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Contract row may cause body pile-up at Forensic

Published: 
Tuesday, January 28, 2014
Dr Valery Alexandrov

More bodies may pile up at the Forensic Science Centre, St James, after forensic pathologists  Dr Valery Alexandrov and Dr Eslyn Mc Donald-Burris rejected employment contracts from the Ministry of Justice, saying they do not include medical coverage or allowances for continuing medical education. Sources said since last year, both pathologists have been clamouring about the terms and conditions under which they worked. However, while Mc Donald-Burris has gone on leave since October, Alexandrov has opted to continue working without a contract with the hope that the ministry will soon provide proper medical coverage. According to a contract obtained by the T&T Guardian, Alexandrov was offered a basic salary of $26,300 a month, a $2,700 transport allowance, a $10,000 duty allowance for extended work hours, an incentive allowance of $10,000, telephone allowance of $350 and a housing allowance of $5,000.

 

However, while he is entitled to personal leave, compassionate leave in the event of a family death and sick leave, there is no medical insurance coverage. Gratuity is paid on the basis of satisfactory completion of duties equivalent to 20 per cent of the gross salary earned. During a meeting with the Ministry of Justice last Wednesday, both Alexandrov and Mc Donald-Burris were asked to submit proposals for a new contract. “Right now I am working without a contract and they have not renewed Dr Burris’s contract. We met with the ministry officials and we raised the issue of proper health insurance,” Alexandrov said. He revealed that pathologists were exposed to dangerous decomposition gases from corpses as well as toxic chemicals such as acetone, formalin and carcinogens which cause lung, dental and ocular (eye) problems. “The people in the ministry did not know we are exposed to these diseases which cause cancer. During the meeting director, human resources at Ministry of Justice Desmond Hamilton and senior human resource officer Joy Boodhoo were sitting with eyes open wide when we told them about the conditions under which we work. They said nobody ever gave them this information about us before,” Alexandrov said.

He added that the Forensic Science Centre had only five mortuary attendants, when ideally there should be ten. “The X-ray technician is exposed to radiation and we are working with dangerous substances like gunpowder residue and formalin (a substance used to preserve tissue from decomposing), which is ten per cent carcinogenic (cancer-causing). In every other part of the world medical insurance is provided,” Alexandrov said. He added that all doctors registered with the Medical Board had to do continuous medical education, but no educational allowance is provided in the pathologists’ contract.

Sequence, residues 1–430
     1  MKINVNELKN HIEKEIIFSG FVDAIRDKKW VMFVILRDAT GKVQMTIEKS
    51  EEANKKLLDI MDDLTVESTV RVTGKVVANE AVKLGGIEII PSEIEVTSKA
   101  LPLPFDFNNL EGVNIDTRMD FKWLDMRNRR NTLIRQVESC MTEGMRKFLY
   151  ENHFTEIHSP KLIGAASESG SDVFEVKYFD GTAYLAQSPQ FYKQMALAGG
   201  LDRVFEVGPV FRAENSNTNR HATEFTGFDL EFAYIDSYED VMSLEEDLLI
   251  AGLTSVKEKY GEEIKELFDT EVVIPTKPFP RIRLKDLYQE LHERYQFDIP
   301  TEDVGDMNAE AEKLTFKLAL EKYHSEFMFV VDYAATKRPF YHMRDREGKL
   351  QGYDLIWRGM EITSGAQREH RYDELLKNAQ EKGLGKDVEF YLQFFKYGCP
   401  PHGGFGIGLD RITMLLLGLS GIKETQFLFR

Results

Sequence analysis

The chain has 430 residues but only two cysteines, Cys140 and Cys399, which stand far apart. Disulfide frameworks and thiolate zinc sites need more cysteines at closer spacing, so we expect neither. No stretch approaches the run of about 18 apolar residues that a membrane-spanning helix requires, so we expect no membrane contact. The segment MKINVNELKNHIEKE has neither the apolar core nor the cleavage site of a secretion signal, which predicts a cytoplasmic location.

57 autopsies in ten days
Since the start of the new year, Alexandrov said he had done 57 autopsies in ten days. Since McDonald-Burris is not on duty, Alexandrov said work is shared with pathologist Dr Hughvon Des Vignes. “Normally our average workload weekly is 20 to 25 bodies a week and this is higher than World Health Organization guidelines, which stipulate that a pathologist was supposed to do between 250 to 350 autopsies a year. Last year I did 1,026 autopsies,” Alexandrov said. He explained that the Forensic Science Centre was operating below World Health Organization (WHO) standards. Saying it was true that T&T could not match the salaries in the United States, Alexandrov said he hoped that proper standards for procedures could be developed before his tenure in T&T ends. He said while McDonald-Burris was working on the financial aspects of their contracts, he was working on the organisational, environmental and administrative clauses. 

 

“I have documents from the European Union, which comprises 28 countries, and every country has a forensic service and a special commission to develop standards of procedures,” Alexandrov explained. Asked why he was continuing to work without a contract, Alexandrov said his parents and most of his family were killed in the Holocaust, the state-sponsored persecution and murder of approximately six million Jews by Adolf Hitler’s Nazi regime during World War II. “I sympathise with people when they lose their loved ones. How can I send them away when they sit waiting for hours to get the autopsy done,” Alexandrov said. He added that the planned new state-of-the-art forensic centre would not function effectively unless it was properly staffed with at least four pathologists and ten mortuary attendants. 

 

 

Training coming for forensics
Meanwhile, Justice Minister Emmanuel George said he was unaware of the problems being faced by the pathologists at the centre. He said, however, that plans were afoot to build a modern facility and to train people in forensic sciences. Last year, $3.7 million was approved to upgrade the centre. George referred further questions to Minister of Tertiary Education Fazal Karim, who said a masters in forensic science will be offered at the newly opened San Fernando Teaching Hospital from September. “The Faculty of Medical Sciences, UWI, St Augustine, is taking a proactive role in strengthening the criminal justice system, and bolstering the efforts of the Government in crime detection and eradication, through the master’s degree in forensic science,” Karim said. “This programme is envisaged to be a multi-disciplinary professional programme which incorporates physical and biological sciences, criminal investigation, psychology and law to provide a comprehensive understanding, professionalism and a skilled approach to the evidentiary process in crime.” Karim said the University of Central Lancashire’s School of Forensic and Investigative Sciences would provide laboratories and teaching expertise to deliver the programme.